Non-Point Pollution of Ganga River with Pesticides: A Quantitative Approach

Vijay T. Gajbhiye
Naveen Kalra
Satya P. Mohapatra
Narendra P. Agnihotri

DOI: 10.2190/P0WD-PF0W-0DVD-4E7M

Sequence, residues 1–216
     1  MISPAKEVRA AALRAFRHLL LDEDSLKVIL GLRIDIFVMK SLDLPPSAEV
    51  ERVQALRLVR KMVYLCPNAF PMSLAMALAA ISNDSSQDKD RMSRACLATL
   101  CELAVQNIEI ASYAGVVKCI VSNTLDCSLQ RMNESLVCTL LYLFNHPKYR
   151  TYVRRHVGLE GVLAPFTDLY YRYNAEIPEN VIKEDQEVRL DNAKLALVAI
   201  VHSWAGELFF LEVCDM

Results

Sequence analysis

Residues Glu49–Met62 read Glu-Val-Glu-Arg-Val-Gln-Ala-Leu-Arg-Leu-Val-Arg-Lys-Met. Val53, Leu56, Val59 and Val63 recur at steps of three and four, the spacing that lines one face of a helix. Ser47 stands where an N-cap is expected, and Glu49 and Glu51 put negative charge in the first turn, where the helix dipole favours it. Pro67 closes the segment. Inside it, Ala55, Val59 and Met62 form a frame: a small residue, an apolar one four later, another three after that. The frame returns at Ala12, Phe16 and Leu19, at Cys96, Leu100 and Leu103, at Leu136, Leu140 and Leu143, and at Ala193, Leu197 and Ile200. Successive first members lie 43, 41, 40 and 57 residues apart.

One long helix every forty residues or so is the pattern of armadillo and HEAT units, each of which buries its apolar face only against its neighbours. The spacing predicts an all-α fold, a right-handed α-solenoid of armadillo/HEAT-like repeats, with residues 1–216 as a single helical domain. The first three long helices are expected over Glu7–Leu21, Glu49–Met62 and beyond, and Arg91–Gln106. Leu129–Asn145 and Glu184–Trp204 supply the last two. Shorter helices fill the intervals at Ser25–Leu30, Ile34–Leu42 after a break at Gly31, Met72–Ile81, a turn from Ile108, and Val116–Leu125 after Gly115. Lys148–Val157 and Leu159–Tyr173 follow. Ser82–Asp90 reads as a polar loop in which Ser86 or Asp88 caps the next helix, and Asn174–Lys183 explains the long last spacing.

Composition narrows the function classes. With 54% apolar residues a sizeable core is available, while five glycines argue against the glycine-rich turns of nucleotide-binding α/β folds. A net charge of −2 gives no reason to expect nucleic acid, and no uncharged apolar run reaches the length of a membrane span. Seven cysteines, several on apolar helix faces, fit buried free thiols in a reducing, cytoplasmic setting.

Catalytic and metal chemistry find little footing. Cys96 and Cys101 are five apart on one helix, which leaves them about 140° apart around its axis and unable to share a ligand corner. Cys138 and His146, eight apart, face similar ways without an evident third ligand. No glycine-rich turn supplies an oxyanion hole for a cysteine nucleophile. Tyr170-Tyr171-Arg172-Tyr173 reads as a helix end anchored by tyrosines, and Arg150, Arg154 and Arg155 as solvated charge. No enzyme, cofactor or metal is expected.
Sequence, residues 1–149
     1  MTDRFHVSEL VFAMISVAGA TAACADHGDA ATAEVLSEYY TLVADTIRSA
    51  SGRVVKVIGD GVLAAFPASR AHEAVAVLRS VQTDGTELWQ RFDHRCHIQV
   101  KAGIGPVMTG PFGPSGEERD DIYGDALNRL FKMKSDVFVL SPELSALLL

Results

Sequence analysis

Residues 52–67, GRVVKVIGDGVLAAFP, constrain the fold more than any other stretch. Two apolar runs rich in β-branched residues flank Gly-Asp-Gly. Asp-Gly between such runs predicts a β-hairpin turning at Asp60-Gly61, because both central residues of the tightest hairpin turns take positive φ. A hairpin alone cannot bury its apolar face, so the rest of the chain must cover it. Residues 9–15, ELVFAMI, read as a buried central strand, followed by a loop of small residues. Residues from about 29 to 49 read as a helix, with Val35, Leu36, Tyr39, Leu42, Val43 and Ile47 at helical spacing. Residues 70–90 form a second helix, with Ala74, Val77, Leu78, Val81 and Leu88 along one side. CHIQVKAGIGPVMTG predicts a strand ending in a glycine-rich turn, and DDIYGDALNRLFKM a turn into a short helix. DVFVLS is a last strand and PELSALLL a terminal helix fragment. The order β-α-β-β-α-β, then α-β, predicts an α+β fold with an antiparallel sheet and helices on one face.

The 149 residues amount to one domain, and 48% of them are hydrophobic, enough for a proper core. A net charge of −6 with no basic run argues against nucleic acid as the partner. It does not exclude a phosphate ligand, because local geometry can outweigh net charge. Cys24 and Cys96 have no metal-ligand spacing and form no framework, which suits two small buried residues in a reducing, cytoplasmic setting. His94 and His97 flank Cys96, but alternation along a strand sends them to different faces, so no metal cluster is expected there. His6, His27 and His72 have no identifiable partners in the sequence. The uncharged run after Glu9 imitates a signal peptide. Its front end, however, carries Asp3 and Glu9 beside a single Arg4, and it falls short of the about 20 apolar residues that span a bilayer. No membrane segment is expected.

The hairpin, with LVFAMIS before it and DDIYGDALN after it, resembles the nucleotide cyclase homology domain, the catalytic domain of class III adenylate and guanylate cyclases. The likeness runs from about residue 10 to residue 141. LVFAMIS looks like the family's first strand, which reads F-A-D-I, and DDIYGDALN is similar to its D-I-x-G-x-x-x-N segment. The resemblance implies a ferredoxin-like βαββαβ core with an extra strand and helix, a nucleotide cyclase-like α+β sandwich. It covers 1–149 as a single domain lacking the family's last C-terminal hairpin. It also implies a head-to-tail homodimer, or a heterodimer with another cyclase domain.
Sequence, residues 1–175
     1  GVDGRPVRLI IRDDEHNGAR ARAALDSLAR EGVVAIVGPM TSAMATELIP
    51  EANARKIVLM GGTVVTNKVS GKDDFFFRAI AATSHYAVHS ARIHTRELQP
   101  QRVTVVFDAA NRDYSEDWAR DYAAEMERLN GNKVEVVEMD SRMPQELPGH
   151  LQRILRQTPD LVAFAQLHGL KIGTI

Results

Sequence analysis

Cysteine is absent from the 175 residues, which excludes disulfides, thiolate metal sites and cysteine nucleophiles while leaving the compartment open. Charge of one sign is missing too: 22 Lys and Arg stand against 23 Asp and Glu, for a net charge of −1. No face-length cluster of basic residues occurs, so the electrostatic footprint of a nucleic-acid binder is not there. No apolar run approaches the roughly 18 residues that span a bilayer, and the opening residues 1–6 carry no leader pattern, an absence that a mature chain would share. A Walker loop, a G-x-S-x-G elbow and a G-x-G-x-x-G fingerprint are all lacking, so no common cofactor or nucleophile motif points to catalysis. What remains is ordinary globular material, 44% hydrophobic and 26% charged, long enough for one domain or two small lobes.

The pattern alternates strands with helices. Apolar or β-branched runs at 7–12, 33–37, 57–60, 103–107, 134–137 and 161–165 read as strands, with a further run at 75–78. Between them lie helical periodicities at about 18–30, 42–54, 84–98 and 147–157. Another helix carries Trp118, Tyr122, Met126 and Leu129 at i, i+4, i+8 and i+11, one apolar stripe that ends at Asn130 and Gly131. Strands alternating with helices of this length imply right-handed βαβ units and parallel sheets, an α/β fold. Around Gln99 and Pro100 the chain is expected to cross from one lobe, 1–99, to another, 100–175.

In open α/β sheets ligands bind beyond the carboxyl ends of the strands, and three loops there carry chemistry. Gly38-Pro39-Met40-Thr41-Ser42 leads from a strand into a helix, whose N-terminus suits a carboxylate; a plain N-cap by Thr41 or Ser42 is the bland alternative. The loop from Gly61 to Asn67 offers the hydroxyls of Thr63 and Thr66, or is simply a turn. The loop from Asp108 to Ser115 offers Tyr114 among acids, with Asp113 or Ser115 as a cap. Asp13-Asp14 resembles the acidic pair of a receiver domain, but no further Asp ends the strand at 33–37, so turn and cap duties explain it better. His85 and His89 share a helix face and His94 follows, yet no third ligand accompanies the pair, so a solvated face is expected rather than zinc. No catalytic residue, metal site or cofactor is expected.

Rivers are the main source of water in India, particularly for agricultural irrigation and drinking water supply. As most of the rivers pass through agricultural fields, they are subject to contamination with different pesticides used for crop protection. Residues of these chemicals have been detected in many Indian rivers. In the present study, the transport of insecticides from soil to river was measured on the basis of surface run-off, sedimentary transport, and movement of ground water from aquifer to river and vice-versa. It was found that agricultural applications of HCH, DDT, aldrin, endosulfan, and organophosphates contributed as much as 0.708, 0.682, 0.200, 0.374, and 0.926 g/ha, respectively, to the river water. In all, 2.890 g/ha was transported to the river. These values were in close agreement with overall contribution of agricultural fields to the river Ganga calculated on the basis of the amount of insecticides actually flowing in water at Farrukhabad and total catchment area from Haridwar to Farrukhabad.

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